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Subversion and SympathyGender, Law, and the British Novel$
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Martha C. Nussbaum and Alison L. LaCroix

Print publication date: 2013

Print ISBN-13: 9780199812042

Published to Oxford Scholarship Online: January 2013

DOI: 10.1093/acprof:oso/9780199812042.001.0001

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The Lawyer's Library in the Early American Republic

The Lawyer's Library in the Early American Republic

Chapter:
(p.250) (p.251) 12 The Lawyer's Library in the Early American Republic
Source:
Subversion and Sympathy
Author(s):

Alison L. LaCroix

Publisher:
Oxford University Press
DOI:10.1093/acprof:oso/9780199812042.003.0013

This chapter explores the role that fiction played in the early republican project of building American nationhood. Many eighteenth- and nineteenth-century American statesmen and jurists—including such prominent thinkers as John Adams, Thomas Jefferson, John Marshall, and Joseph Story—were avid readers of fiction. The vast majority of the novels they read were written by English authors; moreover, many of those authors were women. For founding-era thinkers such as Adams and Jefferson, novel reading provided a way for Americans to participate in transatlantic culture and to hone a republican moral sensibility. For the early-nineteenth-century jurists Marshall and Story, fiction offered an opportunity to engage with emotions such as sympathy and to participate in a public sphere that brought men and women together, as both authors and readers, in a conversation that connected politics, law, and literary culture. These producers of legal theory were also consumers of fiction, gentlemen of letters who immersed themselves in female novelists' work not as a means of escape but because those novels offered insights into what they regarded as crucial political questions of individual sentiment and national character.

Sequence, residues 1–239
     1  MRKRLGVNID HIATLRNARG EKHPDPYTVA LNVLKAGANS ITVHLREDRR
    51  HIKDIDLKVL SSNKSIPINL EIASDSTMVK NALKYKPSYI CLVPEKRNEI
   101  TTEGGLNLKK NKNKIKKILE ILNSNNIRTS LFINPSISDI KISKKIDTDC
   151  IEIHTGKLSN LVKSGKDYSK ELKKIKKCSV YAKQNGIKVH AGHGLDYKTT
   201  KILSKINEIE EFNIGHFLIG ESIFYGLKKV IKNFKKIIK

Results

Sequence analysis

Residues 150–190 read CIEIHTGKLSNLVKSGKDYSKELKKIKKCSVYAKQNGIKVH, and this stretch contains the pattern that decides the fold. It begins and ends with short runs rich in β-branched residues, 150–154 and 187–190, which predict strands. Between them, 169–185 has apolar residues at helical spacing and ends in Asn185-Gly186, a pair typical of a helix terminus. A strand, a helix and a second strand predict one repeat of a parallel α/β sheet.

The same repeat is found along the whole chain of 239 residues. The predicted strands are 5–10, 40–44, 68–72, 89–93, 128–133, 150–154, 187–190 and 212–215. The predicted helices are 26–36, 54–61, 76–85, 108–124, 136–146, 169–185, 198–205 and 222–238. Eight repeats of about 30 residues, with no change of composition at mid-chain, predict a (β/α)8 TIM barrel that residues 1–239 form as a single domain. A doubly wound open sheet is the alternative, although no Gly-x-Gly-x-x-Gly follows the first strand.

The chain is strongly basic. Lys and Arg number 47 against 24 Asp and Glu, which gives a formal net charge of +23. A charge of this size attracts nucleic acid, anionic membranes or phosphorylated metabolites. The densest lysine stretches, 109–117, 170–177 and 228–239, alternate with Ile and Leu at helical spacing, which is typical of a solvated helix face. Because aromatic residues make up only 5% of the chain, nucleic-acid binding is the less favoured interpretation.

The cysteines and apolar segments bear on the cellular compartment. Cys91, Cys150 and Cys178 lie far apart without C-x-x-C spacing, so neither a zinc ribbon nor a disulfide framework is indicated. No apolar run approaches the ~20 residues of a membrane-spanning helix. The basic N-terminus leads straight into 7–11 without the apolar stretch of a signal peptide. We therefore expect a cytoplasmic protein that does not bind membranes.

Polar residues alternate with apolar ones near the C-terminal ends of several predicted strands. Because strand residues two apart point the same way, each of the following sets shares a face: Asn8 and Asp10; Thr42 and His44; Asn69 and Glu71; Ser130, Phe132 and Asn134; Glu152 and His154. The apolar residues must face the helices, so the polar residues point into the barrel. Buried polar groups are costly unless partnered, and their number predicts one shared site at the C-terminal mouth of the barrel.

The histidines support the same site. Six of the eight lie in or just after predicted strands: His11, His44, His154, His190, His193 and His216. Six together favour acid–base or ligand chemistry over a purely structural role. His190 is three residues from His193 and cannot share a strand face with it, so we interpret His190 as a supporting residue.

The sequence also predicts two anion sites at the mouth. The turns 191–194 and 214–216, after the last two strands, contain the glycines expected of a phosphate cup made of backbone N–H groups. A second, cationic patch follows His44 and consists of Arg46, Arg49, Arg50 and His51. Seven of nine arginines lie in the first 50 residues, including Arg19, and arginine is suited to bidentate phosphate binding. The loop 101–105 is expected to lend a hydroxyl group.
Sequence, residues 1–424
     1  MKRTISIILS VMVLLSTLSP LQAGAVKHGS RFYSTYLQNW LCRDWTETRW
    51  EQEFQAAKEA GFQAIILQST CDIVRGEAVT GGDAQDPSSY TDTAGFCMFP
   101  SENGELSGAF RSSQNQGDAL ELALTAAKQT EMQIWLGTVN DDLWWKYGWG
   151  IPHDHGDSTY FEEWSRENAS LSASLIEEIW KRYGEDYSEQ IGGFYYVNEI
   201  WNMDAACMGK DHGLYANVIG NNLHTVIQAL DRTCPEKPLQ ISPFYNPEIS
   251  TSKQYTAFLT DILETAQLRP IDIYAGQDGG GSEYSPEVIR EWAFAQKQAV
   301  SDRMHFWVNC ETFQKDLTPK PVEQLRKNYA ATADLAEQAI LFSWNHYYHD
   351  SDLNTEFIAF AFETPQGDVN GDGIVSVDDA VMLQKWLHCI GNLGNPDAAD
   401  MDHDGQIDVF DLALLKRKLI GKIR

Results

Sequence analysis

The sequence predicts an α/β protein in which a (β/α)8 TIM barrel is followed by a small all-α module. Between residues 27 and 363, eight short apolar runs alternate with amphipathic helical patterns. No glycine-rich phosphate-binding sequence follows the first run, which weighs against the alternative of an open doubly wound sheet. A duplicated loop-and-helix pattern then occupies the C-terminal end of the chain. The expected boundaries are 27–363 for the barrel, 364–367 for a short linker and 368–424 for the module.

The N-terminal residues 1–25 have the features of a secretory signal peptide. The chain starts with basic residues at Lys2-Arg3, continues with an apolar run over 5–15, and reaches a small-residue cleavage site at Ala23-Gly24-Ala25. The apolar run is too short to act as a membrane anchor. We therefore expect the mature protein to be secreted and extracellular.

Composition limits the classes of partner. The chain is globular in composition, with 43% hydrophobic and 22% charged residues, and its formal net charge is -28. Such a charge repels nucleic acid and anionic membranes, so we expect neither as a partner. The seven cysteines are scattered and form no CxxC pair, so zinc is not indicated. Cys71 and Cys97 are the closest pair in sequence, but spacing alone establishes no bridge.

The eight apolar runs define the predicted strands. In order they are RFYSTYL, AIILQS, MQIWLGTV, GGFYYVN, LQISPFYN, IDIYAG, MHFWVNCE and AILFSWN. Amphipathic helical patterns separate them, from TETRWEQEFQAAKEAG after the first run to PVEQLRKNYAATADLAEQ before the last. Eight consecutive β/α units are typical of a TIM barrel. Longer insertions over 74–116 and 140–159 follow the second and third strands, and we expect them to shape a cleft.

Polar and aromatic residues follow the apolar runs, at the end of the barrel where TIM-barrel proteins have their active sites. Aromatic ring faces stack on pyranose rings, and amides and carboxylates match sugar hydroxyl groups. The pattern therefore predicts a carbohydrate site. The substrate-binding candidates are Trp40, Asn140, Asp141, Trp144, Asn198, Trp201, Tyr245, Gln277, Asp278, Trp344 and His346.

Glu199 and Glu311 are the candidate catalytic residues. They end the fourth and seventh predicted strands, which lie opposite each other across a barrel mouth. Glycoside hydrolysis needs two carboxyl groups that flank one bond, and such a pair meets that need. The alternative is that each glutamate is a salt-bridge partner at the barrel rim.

Keywords:   fiction, nation-building, American statesmen, jurists, John Adams, Thomas Jefferson, John Marshall, Joseph Story

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